They may be ferocious predators, but they know when to be passive.

Antlion Larvae are ferocious : They dig pits in the sand and catch unsuspecting prey, stab it with their sharp mandibles and digest it from the inside out.

But to their own predators, Antlion Larvae are simply little snacks. And a colony's cunning traps, grouped together, are quite visible in the sand.

Rather than muster an active defense, the larvae have weaponized passivity - responding to provocation by lying totally still for unpredictable intervals of time that can range from seconds to over an hour.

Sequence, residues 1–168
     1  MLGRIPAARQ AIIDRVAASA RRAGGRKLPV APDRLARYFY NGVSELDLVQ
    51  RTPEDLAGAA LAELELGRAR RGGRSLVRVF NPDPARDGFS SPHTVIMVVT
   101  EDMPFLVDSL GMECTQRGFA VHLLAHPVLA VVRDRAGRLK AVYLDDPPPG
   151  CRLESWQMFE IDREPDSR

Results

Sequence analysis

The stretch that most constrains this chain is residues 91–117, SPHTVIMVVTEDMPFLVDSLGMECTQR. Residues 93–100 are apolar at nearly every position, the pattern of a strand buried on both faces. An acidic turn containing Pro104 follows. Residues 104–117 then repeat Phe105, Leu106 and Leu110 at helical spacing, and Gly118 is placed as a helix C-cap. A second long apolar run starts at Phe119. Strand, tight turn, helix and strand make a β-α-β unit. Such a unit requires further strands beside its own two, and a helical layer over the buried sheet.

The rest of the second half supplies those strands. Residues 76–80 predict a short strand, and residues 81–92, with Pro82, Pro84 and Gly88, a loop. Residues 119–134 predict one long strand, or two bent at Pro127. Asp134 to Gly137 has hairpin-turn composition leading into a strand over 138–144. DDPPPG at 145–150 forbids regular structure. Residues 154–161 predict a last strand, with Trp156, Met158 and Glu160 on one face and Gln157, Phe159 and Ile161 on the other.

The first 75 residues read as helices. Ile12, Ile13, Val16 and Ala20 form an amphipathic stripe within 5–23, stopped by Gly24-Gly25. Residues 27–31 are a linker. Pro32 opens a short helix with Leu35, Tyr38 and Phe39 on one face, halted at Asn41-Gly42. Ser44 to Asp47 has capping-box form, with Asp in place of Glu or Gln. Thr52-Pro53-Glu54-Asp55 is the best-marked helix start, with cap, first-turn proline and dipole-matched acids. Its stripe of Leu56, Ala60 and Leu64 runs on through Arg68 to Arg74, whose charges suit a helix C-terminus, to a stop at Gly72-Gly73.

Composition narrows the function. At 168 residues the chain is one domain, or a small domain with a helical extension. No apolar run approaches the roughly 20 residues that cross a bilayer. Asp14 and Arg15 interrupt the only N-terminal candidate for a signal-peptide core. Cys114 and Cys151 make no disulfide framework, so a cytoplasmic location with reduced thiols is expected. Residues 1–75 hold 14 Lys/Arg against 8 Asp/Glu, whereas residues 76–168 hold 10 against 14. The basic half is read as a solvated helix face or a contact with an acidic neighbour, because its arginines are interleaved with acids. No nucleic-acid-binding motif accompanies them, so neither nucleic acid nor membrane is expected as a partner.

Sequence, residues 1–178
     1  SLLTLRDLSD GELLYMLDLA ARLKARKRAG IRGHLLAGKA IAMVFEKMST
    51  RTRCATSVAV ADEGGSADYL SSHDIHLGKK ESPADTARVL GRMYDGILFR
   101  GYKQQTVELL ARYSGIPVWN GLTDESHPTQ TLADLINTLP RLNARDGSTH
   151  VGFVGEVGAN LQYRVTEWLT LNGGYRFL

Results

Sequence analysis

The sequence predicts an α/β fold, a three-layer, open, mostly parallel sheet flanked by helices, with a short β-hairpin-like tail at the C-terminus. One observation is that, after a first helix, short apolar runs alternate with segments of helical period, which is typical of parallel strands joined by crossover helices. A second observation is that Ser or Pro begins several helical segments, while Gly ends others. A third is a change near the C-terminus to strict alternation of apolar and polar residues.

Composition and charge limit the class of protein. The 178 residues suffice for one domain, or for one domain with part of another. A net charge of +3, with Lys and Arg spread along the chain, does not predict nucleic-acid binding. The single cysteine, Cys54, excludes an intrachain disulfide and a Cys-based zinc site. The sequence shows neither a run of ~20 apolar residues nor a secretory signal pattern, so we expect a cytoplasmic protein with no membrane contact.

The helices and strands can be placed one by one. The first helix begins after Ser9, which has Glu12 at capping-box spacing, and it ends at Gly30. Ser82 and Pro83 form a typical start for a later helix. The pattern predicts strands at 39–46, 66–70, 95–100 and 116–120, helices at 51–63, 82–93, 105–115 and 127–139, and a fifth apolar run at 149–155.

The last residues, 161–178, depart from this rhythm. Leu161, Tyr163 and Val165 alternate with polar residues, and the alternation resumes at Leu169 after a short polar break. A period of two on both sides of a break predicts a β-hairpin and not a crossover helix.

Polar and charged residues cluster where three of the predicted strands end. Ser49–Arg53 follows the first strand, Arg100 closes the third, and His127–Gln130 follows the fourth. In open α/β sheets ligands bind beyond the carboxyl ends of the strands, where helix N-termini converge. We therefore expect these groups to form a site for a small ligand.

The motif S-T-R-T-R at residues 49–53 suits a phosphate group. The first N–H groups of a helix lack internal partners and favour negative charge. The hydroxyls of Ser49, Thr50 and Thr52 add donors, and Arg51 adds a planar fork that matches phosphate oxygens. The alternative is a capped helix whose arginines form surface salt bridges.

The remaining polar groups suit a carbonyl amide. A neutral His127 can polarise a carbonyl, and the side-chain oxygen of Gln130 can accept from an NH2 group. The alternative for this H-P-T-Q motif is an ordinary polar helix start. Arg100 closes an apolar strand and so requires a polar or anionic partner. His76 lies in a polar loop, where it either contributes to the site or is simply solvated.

Many animals behave similarly when faced with danger. Larger vertebrates, like opossums, may emit bad smells to enhance the illusion that are dead, and thus not tasty.

But for the antlion, the key seems to be, not simulated putridity, but simply absolute stillness.

In a new paper, researchers show how this behavior may give antlions a leg up against impatient predators - and in the process shed new light on the effectiveness of playing dead.

The length of time individual antlions played dead varied considerably.

That could be part of the survival strategy, the researchers concluded. If the downtime of a given antlion larva was predictable, predators could perhaps learn a a pattern of behavior.

But there is no pattern - and more food is nearby - a predator might just move on [Cara Giaimo].


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